We are making real progress in many areas of Maori health but lets not get distracted from the issue of improving Maori health status by other matters which might use our efforts and energies unnecessarily.

A well quoted phrase in Black American civil rights movements is "Keep your eyes on the prize." The prize is the improved health of Maori people, it is not necessarily the increased number of Maori health providers.

Lesson four:

There's a Women's health aspect to almost every issue. The health of families, communities and nations all depend on the health of women.

The poignant pictures we have all seen from Kosovo in the past weeks, the most disturbing are of women and children. Our hearts are most torn by their images.

The use of resources in one area, affects the use of resources in another.

The treatment of preventable disease, reduces the number of grommet operations.

Treatment for the effects of tobacco reduce our ability to treat other less predictable disease.

The health of women is affect by the health of their families. The health of families is affect by the health of their communities. The health of communities is affect by the health of nations.

Lesson five:

Weave your way around the opposition. Politicians do this all the time and some are better than others.

Women and men need to teach young men to share in the responsibility for preventing unwanted pregnancies, young men need to be raised so that they recognise their responsibilities in relationships and in raising their own children.

Men are not the opposition on issues like these, although often they are portrayed as such. When we all recognise the inter-relatedness of our health we are better able to recognise the responsibilities we hold.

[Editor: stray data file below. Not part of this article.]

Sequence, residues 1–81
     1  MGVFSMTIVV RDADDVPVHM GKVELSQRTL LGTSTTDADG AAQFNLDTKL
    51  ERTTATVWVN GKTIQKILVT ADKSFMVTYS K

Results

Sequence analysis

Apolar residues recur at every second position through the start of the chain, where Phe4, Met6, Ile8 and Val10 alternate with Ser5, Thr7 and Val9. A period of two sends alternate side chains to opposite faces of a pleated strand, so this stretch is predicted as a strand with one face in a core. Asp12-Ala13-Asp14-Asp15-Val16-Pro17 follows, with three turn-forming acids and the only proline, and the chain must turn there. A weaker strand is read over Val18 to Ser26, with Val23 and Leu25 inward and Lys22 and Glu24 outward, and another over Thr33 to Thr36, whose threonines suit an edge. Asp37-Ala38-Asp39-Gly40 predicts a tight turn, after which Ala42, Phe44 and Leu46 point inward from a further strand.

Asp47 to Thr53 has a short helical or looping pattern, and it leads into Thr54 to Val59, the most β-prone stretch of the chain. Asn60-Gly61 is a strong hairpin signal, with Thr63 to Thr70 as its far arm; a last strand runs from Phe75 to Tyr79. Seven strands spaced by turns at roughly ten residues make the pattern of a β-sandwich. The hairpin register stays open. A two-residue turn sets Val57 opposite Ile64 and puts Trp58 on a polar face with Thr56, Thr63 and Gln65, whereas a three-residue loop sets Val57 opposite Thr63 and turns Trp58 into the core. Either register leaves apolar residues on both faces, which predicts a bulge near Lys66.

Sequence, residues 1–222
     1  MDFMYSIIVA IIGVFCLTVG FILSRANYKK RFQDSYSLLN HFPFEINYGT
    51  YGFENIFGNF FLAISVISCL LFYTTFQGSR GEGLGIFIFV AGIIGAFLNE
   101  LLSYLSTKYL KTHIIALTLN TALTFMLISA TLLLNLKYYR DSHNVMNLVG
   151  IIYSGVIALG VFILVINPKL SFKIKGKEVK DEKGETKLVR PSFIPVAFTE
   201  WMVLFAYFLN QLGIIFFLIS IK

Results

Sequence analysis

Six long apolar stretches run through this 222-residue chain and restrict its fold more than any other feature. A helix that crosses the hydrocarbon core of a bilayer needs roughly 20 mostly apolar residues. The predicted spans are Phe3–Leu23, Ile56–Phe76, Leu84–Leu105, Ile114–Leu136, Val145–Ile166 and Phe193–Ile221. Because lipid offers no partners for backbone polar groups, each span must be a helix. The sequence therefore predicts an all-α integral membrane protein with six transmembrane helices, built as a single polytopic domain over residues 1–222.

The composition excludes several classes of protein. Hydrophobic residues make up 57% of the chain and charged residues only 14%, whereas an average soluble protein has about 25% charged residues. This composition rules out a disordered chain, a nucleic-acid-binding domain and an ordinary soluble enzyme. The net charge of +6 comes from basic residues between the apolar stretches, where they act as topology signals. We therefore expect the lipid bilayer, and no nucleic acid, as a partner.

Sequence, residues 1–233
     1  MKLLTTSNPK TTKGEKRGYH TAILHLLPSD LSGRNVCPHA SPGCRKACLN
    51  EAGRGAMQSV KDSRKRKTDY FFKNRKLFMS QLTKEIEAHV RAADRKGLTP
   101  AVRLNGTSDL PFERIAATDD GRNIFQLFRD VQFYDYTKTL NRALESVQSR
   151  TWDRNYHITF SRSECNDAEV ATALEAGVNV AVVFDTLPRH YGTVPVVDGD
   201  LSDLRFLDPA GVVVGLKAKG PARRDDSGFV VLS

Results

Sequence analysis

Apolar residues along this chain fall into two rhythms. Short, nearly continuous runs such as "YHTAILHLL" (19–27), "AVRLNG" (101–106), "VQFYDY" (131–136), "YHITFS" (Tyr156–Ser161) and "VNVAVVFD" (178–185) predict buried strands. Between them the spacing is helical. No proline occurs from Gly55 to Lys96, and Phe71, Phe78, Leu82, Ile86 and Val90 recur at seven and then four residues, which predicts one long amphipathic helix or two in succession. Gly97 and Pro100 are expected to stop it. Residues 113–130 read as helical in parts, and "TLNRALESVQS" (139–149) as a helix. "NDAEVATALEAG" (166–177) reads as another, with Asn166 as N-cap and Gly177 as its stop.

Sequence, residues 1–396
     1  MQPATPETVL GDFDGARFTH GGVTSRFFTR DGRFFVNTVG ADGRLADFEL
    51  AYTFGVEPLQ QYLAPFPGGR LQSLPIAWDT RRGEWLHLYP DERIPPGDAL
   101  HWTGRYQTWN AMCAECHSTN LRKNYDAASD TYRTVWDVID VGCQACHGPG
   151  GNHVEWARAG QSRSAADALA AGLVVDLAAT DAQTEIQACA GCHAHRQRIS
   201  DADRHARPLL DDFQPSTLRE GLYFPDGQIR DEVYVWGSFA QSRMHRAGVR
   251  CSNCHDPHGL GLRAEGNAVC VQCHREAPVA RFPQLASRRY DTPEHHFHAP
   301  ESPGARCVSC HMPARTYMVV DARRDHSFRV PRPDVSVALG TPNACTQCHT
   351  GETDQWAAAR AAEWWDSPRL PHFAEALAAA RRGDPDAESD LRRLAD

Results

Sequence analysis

Lesson six:

We must support everyday heroines. Do we really value each other enough. Do we recognise our mothers and grandmothers as everyday heroines?

We should be proud of our sisters who raise their children and not restrict our admiration to national figures or sportsmen.

The future of our country depends on how we raise our families.

It is true that the government determines how much money is directed at education or health, but ultimately the rearing of children is the responsibility of mothers and fathers.

We do not have government inspectors sitting at our dinner tables supervising our meals for nutrition, neither do we have them supervising our tobacco or alcohol consumption.

These things are left to us, so we are the ones most capable of changing these things and the results they produce.


People ask me what I stand for now that I am a politician. Hardly anyone cared before so its something a person has to think about.

People ask me how I manage the demands of a broad group of ministerial portfolios, how do I focus on the different issues, how do I ground my decisions.

My answer to this is that "I believe in families, and I stand for families."

I think this theme is one that I am sure most of you all use, knowingly or unknowingly.

I base all my work on the importance of families and communities. Families are important to me.

The priority issue in each of my four portfolios and any other work I do, is to improve the ability of families to provide for themselves.